DescriptionWhile the Sultan of Persia is fighting a war in a foreign country, his Grand Vizier Jaffar orchestrates a coup d'état. His way to the throne lies through the Sultan's lovely daughter. Jaffar kidnaps her and threatens to kill her if she refuses to marry him. Meanwhile, the man the Princess loves is thrown into the dungeon. He has only one hour to escape from his prison, defeat the guards on his way, and stop Jaffar before the terrible marriage takes place.
Prince of Persia is a 2D platformer that is commonly regarded as a progenitor of the cinematic platform genre. Rather than following the more common jump-and-run mechanics, it focuses on careful advancement through fairly complex levels, emphasizing the protagonist's vulnerability and survival aspect. Rotoscoping technique is used to give more realism to the animation of the characters' movements.
The protagonist must avoid deadly traps, solve some simple jumping and environmental puzzles (such as stepping on pressure plates to raise portcullis), and engage in sword fights with the guards. The player character has an infinite amount of lives, but has to restart at the beginning of a level each time he dies, and must complete the game within an hour. The hero starts with three units of health, which can be replenished with small health potions or permanently increased with large jars.
The Game Boy Color and SNES versions of the game feature additional levels and new enemies. The Genesis version has a new intro, an altered set of graphics and four new levels.
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AnimationsThe animations were modeled from live video. In particular, the Prince climbing onto a ledge was spliced from two different takes: Jordan's brother pulling himself up a ledge to his chest, and a reversed clip of his brother on top of the ledge climbing down. The technique use to animate the characters is called Rotoscoping. It was also used in one of Mechner's other games, Karateka.
Commodore 64 versionAccording to the Prince of Persia Unofficial Website, a Commodore 64 version was not released at time. There was a preview created that played the theme and showed some scenes but the game never emerged. It is unknown why. The Commodore 64 port was at last made by an independent coder in 2011. Information is available at popc64.blogspot.com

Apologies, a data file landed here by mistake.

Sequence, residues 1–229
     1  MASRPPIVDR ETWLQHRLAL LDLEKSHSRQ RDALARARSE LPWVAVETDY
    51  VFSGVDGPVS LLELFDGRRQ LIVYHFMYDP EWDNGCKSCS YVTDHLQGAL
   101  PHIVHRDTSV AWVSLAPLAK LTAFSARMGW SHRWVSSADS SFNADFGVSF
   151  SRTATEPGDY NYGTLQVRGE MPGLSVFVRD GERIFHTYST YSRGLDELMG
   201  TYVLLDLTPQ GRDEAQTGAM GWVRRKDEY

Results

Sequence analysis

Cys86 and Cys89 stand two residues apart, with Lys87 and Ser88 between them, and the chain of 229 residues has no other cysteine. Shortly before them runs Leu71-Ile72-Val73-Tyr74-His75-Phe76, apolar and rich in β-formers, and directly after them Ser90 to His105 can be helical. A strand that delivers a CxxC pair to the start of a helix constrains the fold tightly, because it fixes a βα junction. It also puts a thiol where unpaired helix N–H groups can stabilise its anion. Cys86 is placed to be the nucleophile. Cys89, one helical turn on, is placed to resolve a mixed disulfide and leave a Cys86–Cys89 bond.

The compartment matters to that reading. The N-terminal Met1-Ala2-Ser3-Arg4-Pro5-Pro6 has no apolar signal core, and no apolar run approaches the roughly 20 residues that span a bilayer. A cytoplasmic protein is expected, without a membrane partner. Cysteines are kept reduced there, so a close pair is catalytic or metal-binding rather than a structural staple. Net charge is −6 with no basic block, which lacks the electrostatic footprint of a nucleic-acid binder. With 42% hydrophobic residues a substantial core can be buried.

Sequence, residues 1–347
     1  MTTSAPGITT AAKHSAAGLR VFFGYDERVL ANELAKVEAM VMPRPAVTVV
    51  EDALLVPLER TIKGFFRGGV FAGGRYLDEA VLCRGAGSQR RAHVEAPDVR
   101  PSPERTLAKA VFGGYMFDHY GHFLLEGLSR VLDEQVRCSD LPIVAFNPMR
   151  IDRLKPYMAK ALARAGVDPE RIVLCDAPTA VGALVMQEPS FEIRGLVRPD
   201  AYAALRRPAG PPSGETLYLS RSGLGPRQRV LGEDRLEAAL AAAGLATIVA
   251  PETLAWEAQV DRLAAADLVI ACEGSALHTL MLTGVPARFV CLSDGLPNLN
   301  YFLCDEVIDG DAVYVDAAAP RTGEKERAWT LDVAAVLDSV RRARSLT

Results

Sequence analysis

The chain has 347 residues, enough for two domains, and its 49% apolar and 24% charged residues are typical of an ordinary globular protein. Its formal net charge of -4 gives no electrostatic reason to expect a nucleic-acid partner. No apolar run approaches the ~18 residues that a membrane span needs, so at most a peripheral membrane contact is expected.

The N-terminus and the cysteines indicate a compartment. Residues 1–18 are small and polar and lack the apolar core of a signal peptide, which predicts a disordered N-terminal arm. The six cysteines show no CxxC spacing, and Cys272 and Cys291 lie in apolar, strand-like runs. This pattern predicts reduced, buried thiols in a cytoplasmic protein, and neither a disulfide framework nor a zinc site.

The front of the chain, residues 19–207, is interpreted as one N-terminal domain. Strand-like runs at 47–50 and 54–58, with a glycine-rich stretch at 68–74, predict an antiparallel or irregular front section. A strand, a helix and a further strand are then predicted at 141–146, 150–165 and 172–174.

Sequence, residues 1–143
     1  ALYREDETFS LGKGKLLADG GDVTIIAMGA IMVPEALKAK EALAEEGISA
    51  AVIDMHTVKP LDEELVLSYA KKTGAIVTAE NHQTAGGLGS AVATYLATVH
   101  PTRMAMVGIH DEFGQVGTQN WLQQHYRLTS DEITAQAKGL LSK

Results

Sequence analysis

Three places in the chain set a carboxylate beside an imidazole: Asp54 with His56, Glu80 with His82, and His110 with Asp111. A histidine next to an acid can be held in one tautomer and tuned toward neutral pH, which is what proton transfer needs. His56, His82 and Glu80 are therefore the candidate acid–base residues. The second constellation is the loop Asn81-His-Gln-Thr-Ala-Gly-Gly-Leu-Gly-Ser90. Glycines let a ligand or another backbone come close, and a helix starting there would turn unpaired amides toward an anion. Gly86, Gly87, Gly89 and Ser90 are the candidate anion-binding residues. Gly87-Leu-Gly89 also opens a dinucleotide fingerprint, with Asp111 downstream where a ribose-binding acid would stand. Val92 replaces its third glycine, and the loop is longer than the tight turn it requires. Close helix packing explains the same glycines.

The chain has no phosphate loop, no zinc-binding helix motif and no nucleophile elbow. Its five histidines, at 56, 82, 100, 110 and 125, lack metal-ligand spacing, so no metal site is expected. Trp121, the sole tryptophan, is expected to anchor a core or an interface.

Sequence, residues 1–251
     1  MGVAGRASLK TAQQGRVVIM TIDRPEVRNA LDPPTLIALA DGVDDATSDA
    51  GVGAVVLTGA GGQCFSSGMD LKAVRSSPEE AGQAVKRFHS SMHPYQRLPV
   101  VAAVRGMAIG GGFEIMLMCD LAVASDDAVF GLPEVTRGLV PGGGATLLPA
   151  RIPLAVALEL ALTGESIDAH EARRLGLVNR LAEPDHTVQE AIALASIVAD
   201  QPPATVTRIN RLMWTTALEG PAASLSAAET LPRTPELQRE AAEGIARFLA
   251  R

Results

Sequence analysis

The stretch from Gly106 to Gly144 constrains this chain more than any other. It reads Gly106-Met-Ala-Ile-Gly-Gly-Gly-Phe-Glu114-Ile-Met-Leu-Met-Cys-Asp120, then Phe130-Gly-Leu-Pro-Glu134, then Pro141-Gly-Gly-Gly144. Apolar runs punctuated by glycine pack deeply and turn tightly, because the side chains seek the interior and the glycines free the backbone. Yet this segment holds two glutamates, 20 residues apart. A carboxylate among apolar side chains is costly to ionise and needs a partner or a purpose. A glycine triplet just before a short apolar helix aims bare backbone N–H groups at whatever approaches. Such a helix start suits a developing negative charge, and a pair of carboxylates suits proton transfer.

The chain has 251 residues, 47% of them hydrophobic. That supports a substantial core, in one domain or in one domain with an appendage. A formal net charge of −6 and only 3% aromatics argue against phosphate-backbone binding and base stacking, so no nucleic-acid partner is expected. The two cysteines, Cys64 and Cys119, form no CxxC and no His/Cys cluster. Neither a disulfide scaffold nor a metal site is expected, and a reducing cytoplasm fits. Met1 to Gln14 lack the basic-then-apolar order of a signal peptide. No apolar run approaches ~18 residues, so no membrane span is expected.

Development and releaseAn excerpt taken from the, as of 2012, defunct official Prince of Persia 3D web site http://www.pop3d.com/
Today, several dozen artists and programmers are involved in the creation of a computer game. But in the 1980's, computer games were normally created almost entirely by one person. And for Prince of Persia that person was Jordan Mechner, a then 25 year old recent college grad. Jordan created the story, characters, and levels for Prince of Persia. He programmed the game and drew the graphics. And when Jordan needed help, he didn't go far from home. His dad composed the original music. And his brother served as the Motion Study actor for the Prince. Truly a labor of love, Prince of Persia took nearly 4 years to be completed.
ManualThe manual for Macintosh/IBM release of the game had a figure of Prince in the right bottom corner of each spread. If you flip through the book, Prince would jump.
References to the gamePrince of Persia was alluded to in Episode 705 (Escape from the BronxMystery) of the TV show Science Theater 3000. During an underground chase scene, Tom Servo quips: "It looks like Prince of Persia."
SNES versionThe North American Super NES release was censored --- a scene found in the Japanese version's introduction sequence showing the hero being tortured is missing from the US version. As a result, the music loses sync with what is happening on-screen.
Source codeOn April 17, 2012, Jordan Mechner released the source code of the Apple II version. You can find it here.
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Rola (6369) added Prince of Persia (Sharp X68000) on Feb 02, 2012
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